• As the teams are planning they’re also working with other teams on inbound and outbound dependencies.  We’ve organized the teams to minimize dependencies but they’re still a fact of life.  The teams negotiate how to support each other based on overall priorities and goal (ref. the “context” from the breakfast).  Any un-resolved conflicts are escalated or raised at the review meeting (below).
  • At 4PM on the first day the scrum masters and other delivery managers get together to share their current plans with the group.  We use a web-based collaboration tool that allows each team to put virtual stickies on their assigned row with different colors illustrating milestones, spikes, tasks, releases, etc.  Dependencies are made visible by connecting two stickies with a line.  
Teams gather to review the day 1 draft plan.
  • Putting everything together allows us to visualize the major streams, see what made the cut and what didn’t, and address any dependency challenges or conflicts.  Generally there are several to-dos coming out of the review, primarily around working through dependencies or going to business stakeholders for clarification.
  • The morning of day 2 is primarily for making adjustments from the previous day, collaborating with other teams where combined efforts are needed and tying up loose ends.  Most teams wrap this up pretty early and then get back to their HIP sprint, others need most or all of the day.  
  • At 4PM on day two we grab a beer and get back together in front of the stickies board to review any changes from the previous day and discuss any unresolved conflicts.  This exercise typically goes much faster than the day 1 review.  At the end we check confidence and then head home for a much needed break.

Here’s the final plan from last quarter.  

Q2 final plan

It looks complex and it is complex.  Without developing our process, our teams and ourselves over the last couple of years we’d be hard pressed to effectively manage this complexity.

Following the planning we package up the plan and communicate a high level, consumable version for to the business and stakeholders.  We emphasize that these are our current targets and best estimates – this isn’t a contract.  We’ll do everything we can to stick to it but we may be surprised or, in good agile fashion, we may decide to make changes as the situation evolves.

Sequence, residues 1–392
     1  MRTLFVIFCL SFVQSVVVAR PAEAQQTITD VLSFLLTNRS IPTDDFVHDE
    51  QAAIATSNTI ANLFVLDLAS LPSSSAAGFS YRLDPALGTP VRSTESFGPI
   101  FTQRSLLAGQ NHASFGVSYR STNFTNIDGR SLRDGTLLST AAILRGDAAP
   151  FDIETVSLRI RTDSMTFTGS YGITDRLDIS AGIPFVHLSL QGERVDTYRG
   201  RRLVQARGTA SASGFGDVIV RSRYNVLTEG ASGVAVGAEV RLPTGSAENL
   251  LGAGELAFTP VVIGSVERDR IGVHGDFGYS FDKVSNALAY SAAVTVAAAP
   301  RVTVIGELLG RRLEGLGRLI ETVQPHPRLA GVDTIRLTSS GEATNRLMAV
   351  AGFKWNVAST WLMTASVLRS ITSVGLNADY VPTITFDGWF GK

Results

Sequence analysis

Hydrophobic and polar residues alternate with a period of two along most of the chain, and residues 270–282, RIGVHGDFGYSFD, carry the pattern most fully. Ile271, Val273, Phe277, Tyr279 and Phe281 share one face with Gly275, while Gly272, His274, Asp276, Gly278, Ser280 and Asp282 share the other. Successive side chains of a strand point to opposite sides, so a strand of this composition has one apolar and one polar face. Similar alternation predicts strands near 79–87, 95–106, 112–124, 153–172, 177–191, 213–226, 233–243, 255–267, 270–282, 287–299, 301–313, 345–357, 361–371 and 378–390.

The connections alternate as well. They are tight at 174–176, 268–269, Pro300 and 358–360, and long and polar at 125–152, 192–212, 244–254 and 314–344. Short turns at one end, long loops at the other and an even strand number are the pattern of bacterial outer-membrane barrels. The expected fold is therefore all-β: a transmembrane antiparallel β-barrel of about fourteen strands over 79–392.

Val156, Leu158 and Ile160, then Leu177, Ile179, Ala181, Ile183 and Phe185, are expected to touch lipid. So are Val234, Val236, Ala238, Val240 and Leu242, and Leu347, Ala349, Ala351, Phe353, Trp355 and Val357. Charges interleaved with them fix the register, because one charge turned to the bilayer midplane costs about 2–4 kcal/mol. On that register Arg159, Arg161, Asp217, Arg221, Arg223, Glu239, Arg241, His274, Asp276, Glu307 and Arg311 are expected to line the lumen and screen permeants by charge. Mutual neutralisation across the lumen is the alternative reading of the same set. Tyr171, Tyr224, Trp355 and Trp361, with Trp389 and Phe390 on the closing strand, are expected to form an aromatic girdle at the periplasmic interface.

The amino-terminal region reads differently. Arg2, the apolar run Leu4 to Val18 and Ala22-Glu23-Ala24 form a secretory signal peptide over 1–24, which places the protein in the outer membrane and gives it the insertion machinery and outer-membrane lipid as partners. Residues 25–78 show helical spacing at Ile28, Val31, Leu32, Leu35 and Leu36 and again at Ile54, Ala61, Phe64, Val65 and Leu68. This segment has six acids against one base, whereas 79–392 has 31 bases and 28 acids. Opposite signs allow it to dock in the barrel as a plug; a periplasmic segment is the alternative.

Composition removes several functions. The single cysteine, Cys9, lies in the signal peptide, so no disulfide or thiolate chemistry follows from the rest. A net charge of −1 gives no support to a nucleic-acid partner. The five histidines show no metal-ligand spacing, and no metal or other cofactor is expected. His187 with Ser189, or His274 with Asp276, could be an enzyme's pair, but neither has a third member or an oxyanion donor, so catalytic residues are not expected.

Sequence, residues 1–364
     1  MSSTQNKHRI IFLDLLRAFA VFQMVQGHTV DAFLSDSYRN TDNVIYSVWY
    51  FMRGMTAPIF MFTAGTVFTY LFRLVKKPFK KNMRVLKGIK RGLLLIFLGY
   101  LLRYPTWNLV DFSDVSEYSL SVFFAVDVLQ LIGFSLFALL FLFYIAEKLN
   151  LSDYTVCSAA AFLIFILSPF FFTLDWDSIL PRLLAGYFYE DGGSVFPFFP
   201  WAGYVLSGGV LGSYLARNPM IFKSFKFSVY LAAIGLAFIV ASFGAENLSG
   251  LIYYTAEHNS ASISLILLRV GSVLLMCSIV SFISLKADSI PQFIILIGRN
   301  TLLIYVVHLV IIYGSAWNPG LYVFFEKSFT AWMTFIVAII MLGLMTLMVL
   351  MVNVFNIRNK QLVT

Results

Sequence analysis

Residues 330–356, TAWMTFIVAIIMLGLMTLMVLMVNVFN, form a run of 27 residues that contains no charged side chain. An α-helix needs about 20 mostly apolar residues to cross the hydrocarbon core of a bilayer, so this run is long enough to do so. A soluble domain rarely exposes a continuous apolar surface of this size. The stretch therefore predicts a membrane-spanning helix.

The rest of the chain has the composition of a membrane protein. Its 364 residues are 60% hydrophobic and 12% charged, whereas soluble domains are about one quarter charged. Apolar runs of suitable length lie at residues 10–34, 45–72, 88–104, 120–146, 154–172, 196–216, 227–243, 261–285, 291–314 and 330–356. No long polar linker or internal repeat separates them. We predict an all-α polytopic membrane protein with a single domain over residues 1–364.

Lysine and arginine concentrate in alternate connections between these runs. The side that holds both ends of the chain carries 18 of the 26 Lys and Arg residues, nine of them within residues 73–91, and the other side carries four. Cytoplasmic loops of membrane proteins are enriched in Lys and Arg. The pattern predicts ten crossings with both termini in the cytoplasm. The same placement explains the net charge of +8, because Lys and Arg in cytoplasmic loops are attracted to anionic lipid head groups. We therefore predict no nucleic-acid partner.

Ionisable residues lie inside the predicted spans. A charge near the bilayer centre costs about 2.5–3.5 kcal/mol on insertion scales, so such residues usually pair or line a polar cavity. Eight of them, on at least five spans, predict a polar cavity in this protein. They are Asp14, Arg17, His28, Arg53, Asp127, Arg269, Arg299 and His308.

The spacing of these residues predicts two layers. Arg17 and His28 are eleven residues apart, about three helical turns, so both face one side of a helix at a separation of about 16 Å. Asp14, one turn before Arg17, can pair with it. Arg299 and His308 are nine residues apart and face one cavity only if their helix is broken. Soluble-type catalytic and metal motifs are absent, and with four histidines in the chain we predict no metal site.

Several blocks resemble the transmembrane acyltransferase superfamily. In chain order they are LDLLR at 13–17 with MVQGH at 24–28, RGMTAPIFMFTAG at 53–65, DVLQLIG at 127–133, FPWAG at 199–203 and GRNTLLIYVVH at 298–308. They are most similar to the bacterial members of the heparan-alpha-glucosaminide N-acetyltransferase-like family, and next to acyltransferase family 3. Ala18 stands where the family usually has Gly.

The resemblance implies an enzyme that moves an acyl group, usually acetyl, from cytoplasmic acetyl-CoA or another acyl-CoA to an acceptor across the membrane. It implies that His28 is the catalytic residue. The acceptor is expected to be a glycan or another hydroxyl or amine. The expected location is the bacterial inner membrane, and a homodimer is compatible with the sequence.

So that brings us full nearly full circle.  I started this series during our last planning days and expected it to be a quick post.  As I pulled the thread, however, I realized how much work had gone into our evolution in this area.  I could also see that a high-level flyover would leave huge gaps in the journey, so I decided to fly lower.   

You can see by now that undertaking a journey like this takes a fair amount of time, experience and honest self-evaluation, regardless of the specific methodology you choose.  That said, the investment is worth it, and a great deal of value can be realized even early in the process.

In Bonial’s case, we had a few advantages as we set off on the journey.  First, everyone was open to change, even when the change made them nervous.  The importance of this can’t be overstated.  I’ve lost count of the organizations I’ve worked with in which the teams had no motivation to improve (though paradoxically most of them complained constantly about the status quo).  In the end the team has to want or at least be willing give it shot.  Which brings us to point two…

Second, we had good people and a healthy culture.  Where we lacked in experience and skills, we more than compensated by having a team of smart, energetic professionals.  With good people, you can generally solve any problem. 

Last, but not least, we have a skilled, SAFe-trained Release Train Manager to drive the process (though her role has evolved).  Even the finest orchestras of the world don’t play on they own- they have a conductor.  In our case the conductor/RTE ensures:

  • The stage is set. Everybody knows the timing, their roles and the rules of the game and All the needed supplies are in place and easily accessible to everybody.
  • Short (really short!) list of candidates for planning is finalized before we start.  The RTE ensure we’re observing Work in Progress (WIP) constraints, which are critical to maximizing throughput.  As she often says, “Let’s stop starting things and start finishing things instead.”  
  • People know who to go to regarding priorities and impediments during planning.
  • The planning is properly wrapped up, all roadmaps and agreements put together, and outcomes are properly communicated to all key stakeholders.
  • Solid retrospectives are done both on the quarter itself as well as the planning process so we can continue improving.

Whew!  That was a lot of writing for me and reading for you.  Kudos if you made it this far – I hope it was worth it.  So now you know how we do it – feel free to share your own stories about how you and your teams plan.  Best of luck in your own journey!

(Special thanks to Irina Zhovtobrukh (the mysterious RTE) for her contributions to this post as well as teaching us how to “conduct” better planning evolutions.)

How we Plan at Bonial (part 2: competence)

In the previous two posts I talked about the importance of clarity and control, but even perfect clarity and unlimited control will likely still lead to failure and frustration if the team isn’t ready to take on these new responsibilities. That’s where Competence comes in.

To build competence across the team we invested in experienced practitioners as well as training and mentoring. We hired a talented SAFe-trained development manager (“Release Train Engineer” in SAFe parlance) to both lead our transformation as well as provide training and mentoring.  We brought in agile and SAFe trainers for multi-day training sessions on team and enterprise agile (more on SAFe in later posts).  We started leadership and management training for our product owners, new team leads and lead developers. The more experienced members of the team actively coached others in best practices.